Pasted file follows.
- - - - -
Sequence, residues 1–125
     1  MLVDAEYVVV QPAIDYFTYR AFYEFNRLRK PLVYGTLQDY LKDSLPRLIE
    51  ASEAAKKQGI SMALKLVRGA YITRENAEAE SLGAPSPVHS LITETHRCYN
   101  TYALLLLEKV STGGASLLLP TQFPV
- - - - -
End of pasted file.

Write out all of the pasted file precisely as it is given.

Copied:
Sequence, residues 1–125
     1  MLVDAEYVVV QPAIDYFTYR AFYEFNRLRK PLVYGTLQDY LKDSLPRLIE
    51  ASEAAKKQGI SMALKLVRGA YITRENAEAE SLGAPSPVHS LITETHRCYN
   101  TYALLLLEKV STGGASLLLP TQFPV